3 items from 2017
“I spent a lot of time reviewing the silent films for crowd scenes –the way extras move, evolve, how the space is staged and how the cameras capture it, the views used,” Nolan said earlier this year when it came to the creation of his WWII epic Dunkirk, referencing films such as Intolerance, Sunrise: A Song of Two Humans, and Greed, as well as the films of Robert Bresson.
Throughout the entire month of July, if you’re in the U.K., you are lucky enough to witness a selection of these influences in a program at BFI Southbank. Featuring all screenings in 35mm or 70mm — including a preview of Dunkirk over a week before it hits theaters — there’s classics such as Greed, Sunrise, and The Wages of Fear, as well as Alien, Speed, and even Tony Scott’s final film.
Check out Nolan’s introduction below, followed by »
- Jordan Raup
Running from 1-31 July, BFI Southbank are delighted to present a season of films which have inspired director Christopher Nolan’s new feature Dunkirk (2017), released in cinemas across the UK on Friday 21 July.
Christopher Nolan Presents has been personally curated by the award-winning director and will offer audiences unique insight into the films which influenced his hotly anticipated take on one of the key moments of WWII.
The season will include a special preview screening of Dunkirk on Thursday 13 July, which will be presented in 70mm and include an introduction from the director himself.
Christopher Nolan is a passionate advocate for the importance of seeing films projected on film, and as one of the few cinemas in the UK that still shows a vast amount of celluloid film, BFI Southbank will screen all the films in the season on 35mm or 70mm.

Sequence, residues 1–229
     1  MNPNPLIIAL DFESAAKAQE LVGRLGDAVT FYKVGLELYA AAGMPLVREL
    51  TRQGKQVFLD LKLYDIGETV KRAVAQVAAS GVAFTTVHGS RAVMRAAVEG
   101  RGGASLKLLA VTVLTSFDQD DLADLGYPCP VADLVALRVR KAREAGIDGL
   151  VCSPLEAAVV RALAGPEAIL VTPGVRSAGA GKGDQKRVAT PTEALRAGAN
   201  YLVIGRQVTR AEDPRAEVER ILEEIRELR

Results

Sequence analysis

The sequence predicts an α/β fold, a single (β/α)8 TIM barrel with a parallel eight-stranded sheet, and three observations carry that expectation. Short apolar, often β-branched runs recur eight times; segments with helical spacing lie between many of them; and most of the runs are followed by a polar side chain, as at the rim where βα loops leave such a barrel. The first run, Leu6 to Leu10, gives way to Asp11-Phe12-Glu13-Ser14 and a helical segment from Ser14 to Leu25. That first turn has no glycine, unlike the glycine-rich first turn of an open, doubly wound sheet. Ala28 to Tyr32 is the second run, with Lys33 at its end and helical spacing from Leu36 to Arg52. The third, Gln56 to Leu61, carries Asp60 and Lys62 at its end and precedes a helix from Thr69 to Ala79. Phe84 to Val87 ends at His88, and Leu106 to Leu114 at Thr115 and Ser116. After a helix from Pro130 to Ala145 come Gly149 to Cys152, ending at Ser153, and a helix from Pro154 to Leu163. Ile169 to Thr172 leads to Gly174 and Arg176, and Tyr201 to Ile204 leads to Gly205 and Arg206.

In 2015 Nolan appeared on stage alongside visual artist »
- Michelle Hannett
1 May 2017 12:01 PM, PDT | The Hollywood Reporter - Movie News | See recent The Hollywood Reporter - Movie News news »
Lorna Gray, who appeared on the big screen with John Wayne, Buster Keaton, Boris Karloff and The Three Stooges and, billed as Adrian Booth, starred in many 1940s Republic Pictures serials and Westerns, has died. She was 99.
The actress died Sunday at her home in Sherman Oaks, her niece, Pam Loe-Watson, told The Hollywood Reporter.
Born Virginia Pound on July 26, 1917, in Grand Rapids, Mich., she won the Miss Michigan beauty pageant and worked as a model, singer and in a vaudeville show before making her movie debut in Paramount Pictures' Hold 'Em Navy (1937), starring Lew Ayres.
- Mike Barnes
3 items from 2017
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